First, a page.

Natural Gas in Asia
Authors: Ian Wybrew-Bond, David Fridley, Akira Miyamoto, Keun-Wook Paik, Jonathan Stern, Najeeb Jung
The next decade will be crucial for Asian gas markets and determine whether natural gas will become a major fuel in the key energy markets of China, India, Japan and Korea, or will remain a "promising" but peripheral energy source.
Natural Gas in Asia is a new edition of a 2002 study on the future of natural gas in the major energy markets of Asia. The 2nd edition has been substantially rewritten and completely updated, and contains two new chapters on South East Asia, Australia, and the Middle East. The future energy needs and environmental problems of China, India and the rest of Asia are considerable. A major question is whether gas supplies can and will respond to expanding demand for the cleanest fossil fuel? Large scale projects will need to be implemented in Russia, the Central Asian Republics and the Middle East to bring required supplies to Asian markets in the years to 2020.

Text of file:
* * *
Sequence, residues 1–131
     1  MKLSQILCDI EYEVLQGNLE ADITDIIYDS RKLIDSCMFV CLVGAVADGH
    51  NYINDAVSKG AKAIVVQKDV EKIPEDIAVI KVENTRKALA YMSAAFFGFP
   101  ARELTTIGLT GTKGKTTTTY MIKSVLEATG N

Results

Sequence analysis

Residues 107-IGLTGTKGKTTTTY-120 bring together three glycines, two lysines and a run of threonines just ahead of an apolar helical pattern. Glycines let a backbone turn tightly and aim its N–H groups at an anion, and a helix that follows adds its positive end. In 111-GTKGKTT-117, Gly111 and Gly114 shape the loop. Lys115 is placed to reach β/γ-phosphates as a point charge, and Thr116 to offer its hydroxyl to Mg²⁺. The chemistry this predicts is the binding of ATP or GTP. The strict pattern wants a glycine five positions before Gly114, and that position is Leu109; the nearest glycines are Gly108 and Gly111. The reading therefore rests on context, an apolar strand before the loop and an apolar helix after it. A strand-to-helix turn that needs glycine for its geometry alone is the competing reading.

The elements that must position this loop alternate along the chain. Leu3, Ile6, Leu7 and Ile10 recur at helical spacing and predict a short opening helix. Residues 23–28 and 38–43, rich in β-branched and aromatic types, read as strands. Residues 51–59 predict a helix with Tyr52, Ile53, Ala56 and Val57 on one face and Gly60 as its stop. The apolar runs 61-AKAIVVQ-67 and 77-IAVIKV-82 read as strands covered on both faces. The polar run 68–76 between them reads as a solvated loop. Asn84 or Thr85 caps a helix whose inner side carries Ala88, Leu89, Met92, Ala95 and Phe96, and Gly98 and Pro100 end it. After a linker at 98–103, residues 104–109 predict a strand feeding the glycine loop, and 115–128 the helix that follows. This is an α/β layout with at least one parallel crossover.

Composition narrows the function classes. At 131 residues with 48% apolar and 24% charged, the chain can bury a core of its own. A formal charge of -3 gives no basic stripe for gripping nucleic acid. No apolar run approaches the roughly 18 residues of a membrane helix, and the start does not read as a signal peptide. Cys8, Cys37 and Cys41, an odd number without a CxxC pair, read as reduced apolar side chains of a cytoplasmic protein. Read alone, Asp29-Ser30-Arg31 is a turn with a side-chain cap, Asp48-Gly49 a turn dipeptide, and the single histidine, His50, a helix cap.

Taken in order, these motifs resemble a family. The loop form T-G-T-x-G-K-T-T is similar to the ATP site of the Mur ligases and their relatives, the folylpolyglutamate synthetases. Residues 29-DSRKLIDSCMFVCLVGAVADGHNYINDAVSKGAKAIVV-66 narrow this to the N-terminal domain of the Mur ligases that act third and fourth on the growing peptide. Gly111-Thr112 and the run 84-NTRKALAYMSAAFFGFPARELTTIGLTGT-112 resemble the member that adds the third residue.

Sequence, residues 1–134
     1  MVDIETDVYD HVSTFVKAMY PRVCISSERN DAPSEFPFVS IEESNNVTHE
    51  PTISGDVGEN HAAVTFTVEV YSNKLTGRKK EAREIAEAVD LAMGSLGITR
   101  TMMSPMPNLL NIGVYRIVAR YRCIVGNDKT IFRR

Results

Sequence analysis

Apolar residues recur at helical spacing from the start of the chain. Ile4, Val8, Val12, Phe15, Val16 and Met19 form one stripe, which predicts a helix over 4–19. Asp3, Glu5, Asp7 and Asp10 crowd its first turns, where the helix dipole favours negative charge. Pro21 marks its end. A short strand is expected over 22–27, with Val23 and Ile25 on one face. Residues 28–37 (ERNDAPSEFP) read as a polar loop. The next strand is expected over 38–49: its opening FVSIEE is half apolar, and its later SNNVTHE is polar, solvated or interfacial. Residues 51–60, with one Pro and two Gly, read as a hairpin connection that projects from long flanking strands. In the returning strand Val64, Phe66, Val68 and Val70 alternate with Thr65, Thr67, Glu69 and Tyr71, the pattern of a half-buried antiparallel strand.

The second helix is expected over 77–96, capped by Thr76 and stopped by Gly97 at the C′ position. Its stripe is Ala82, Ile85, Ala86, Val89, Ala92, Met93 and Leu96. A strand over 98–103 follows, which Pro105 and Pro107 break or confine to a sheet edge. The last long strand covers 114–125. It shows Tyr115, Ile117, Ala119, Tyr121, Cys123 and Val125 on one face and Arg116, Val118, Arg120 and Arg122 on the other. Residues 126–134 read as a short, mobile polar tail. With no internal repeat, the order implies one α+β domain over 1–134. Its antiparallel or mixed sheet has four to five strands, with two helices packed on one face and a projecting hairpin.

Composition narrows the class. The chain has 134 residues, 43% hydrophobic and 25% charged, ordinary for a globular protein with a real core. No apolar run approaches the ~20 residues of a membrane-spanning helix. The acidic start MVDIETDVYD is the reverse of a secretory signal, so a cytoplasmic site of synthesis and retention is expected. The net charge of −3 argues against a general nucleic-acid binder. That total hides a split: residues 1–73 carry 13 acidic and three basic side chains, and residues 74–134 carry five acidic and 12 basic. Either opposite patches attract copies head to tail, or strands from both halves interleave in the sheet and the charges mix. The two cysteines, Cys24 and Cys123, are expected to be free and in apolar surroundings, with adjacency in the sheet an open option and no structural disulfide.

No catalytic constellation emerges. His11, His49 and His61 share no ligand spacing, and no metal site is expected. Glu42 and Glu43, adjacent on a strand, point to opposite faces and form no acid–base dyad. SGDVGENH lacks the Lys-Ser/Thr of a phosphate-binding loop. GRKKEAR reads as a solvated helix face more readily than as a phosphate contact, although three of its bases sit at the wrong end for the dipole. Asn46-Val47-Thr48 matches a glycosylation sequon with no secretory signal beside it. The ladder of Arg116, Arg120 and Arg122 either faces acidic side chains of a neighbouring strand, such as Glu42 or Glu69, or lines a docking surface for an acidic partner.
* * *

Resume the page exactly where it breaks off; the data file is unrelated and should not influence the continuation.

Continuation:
This book assesses the economic opportunities, political obstacles and other challenges--both domestic and international--to these projects. In order to succeed, pipeline infrastructure will need to be built over long distances to bring gas to these markets, as well as significant numbers of new LNG terminals. The volume discusses the major current and potential gas markets in Asia: China, India, Japan and Korea, as well as the potential supply of pipeline gas and LNG to Asia from: Russia, Central Asia, South East Asia, Australia and Middle Eastern countries. An important aspect of the next two decades will be the extent to which the region can develop pipeline gas sources to supplement existing large scale LNG imports.
The volume also looks at the substantial gas markets emerging in China and India which are at the early stage of introducing large scale natural gas use in cities. These markets face the commercial challenge of developing gas-fired power generation at a cost which may be greater than generation based on domestically produced coal. However, considerations of local air quality and global emissions may give extra value to gas fired generation, as has happened elsewhere in the world.
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